Unlisted property yields piquing investor interest
by Jason Huljich, Joint CEO
In November 2020, the Reserve Bank of Australia lowered its cash rate by 15bp to 0.10%, which is the lowest in our country’s history and certainly contrasts the highs of 12% experienced during the 1991 recession.
Then, like 2020, our recessions were the result of macro-economic, international influences rather than domestic-induced decline. It means the domestic market metrics are still relatively resilient with opportunities outside of cash-related investments.
For investors – both onshore and offshore – the hunt for investments with income-producing yields is ramping up. While many turn their attention to the equity markets and REITs on the property front, I believe there’s a strong argument for unlisted property funds as well.
My experience throughout 24 years in real estate funds management, is that a significant proportion of unlisted funds, such as Centuria’s, are made up of retail investors. These are mum and dads looking for opportunities to increase their wealth. These investors also make up the majority of our $4.5 billion unlisted real estate funds[i].
Historically within Australia, a typical investment option for mum and dad investors may have been the buy-to-let (BTL) residential property market. Usually, one or two apartments would be bought and the mortgages covered by rental income, with an expectation of a capital gain after several years of ownership.
However, in this COVID impacted market, residential rental supply has significantly increased due to curbed international students, lower migration and those young working professionals who’ve been stood down or endured a pay cut, moving back in with their parents. Consequently, current residential property investment yields have fallen year-on-year. According to SQM Research, average capital cities’ gross rental yields (ungeared) for a two-bedroom apartment fell from 4.6% in December 2010 to 3.8% in December 2020. For ‘all house’ types, yields fell from 3.6% to 2.8% across the same period.
With the concept of property ownership not foreign to many mum and dad investors, appetite for commercial property funds is increasing as we’ve witnessed through the significant enquiry in several of our funds during the past six months. These are both unlisted fixed-term funds and unlisted open-ended funds.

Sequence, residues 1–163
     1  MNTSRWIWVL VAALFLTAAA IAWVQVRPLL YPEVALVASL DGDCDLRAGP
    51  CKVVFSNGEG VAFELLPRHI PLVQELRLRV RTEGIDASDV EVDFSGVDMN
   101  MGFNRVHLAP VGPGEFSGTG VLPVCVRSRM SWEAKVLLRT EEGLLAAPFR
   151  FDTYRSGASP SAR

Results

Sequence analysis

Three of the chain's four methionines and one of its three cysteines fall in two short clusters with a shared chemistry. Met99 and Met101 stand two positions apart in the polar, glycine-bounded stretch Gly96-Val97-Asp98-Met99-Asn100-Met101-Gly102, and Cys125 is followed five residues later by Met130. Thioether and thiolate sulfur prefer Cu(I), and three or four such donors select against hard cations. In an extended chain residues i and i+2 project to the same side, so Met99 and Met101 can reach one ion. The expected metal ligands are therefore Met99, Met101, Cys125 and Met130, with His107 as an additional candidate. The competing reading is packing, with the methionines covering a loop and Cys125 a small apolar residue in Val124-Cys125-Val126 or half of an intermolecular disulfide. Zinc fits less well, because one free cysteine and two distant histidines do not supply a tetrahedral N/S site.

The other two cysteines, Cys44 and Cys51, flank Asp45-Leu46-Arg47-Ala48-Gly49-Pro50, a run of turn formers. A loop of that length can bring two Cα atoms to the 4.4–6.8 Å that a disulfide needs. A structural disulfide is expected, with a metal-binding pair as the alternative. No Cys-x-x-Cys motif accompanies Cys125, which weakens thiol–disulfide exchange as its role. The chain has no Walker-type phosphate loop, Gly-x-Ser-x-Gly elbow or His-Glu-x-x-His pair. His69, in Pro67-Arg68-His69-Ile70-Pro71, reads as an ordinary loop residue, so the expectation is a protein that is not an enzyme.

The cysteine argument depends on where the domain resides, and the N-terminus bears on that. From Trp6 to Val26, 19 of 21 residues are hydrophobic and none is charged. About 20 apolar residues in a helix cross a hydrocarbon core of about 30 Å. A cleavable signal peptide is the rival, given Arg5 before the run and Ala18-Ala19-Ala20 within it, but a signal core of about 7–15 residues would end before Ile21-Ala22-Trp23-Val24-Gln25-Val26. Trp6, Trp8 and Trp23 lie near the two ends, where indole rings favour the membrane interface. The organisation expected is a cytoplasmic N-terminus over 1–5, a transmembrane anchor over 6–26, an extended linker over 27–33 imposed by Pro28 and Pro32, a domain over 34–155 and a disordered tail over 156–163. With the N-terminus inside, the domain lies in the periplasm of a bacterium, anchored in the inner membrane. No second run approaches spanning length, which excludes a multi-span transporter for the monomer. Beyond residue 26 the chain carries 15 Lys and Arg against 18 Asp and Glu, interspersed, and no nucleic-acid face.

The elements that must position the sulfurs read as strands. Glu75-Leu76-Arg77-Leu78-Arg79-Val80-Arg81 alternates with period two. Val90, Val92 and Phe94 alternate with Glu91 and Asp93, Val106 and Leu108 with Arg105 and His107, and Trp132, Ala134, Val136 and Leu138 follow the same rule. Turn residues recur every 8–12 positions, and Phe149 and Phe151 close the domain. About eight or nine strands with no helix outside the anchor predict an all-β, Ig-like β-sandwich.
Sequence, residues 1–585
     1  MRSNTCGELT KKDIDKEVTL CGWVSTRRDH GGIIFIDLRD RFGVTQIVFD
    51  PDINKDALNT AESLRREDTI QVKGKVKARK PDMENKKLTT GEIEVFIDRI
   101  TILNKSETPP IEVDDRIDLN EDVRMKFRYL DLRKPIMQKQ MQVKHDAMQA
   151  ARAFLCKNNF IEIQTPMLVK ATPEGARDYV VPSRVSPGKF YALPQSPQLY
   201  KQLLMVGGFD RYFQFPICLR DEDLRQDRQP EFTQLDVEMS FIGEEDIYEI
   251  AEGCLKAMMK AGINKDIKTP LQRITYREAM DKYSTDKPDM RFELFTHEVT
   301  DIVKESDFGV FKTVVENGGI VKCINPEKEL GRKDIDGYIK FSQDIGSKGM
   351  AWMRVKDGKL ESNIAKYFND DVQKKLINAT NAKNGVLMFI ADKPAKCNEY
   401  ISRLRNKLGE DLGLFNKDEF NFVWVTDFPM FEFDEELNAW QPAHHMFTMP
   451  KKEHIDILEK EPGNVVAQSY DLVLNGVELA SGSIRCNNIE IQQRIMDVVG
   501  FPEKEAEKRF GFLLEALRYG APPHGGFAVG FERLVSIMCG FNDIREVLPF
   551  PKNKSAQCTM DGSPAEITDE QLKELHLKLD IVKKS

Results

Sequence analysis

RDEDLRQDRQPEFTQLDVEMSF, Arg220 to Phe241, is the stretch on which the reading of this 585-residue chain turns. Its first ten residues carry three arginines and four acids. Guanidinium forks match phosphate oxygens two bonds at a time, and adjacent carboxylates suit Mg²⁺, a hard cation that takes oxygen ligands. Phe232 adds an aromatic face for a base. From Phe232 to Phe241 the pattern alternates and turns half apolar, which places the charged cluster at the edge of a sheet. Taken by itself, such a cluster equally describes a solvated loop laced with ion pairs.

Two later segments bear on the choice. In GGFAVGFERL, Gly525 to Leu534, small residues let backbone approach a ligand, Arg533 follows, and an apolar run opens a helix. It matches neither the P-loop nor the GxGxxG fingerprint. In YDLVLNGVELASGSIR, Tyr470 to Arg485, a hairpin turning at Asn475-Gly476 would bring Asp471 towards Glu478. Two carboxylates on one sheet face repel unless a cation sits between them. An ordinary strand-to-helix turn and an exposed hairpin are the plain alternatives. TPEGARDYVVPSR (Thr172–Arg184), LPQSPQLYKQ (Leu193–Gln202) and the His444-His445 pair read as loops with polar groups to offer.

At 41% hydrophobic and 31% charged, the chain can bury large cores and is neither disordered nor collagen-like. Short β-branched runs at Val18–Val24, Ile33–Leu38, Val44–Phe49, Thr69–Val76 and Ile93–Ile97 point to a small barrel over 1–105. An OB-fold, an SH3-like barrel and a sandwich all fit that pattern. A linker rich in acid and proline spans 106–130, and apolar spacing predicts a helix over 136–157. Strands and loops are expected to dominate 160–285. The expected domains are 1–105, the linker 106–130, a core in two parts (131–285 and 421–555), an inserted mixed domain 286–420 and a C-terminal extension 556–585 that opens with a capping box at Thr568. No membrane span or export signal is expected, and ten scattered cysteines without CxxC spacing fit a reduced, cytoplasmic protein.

Unlike residential BTL assets, commercial funds have longer lease terms with stronger tenant covenants. The tenants are also responsible for repairs and maintenance and often property management fees. Conversely, for BTL properties the owner is responsible for these costs. Below is a quick, general comparison between residential BTL investments and unlisted funds.
|Residential buy to let||Commercial unlisted property funds|
|Short term leases (6-12 months)||Long term leases (3-10 years)|
|Lower tenant strength (individuals and families)||Higher quality tenants, for example, institutions, government departments, ASX listed entities and multinational corporations.|
|Owners pay for repairs, maintenance, and property management fees.||Tenants pay for repairs and maintenance, and often the property management fees.|
|Potentially benefit from a capital gain||Potentially benefit from a capital gain|
|Various experts recommend retaining for seven to 10 years||Owned on average between five and seven years|
As with all property investments, it is also important to consider the specific characteristics and risks of each property, be it commercial or BTL, along with structural aspects such as the level of gearing required to produce the investment yield, liquidity and the like.
So with less volatility, fewer outgoings and higher quality tenants, it’s no surprise more investors are considering unlisted property funds as a sound, wealth generating investment.
[i] As at 22 October 2020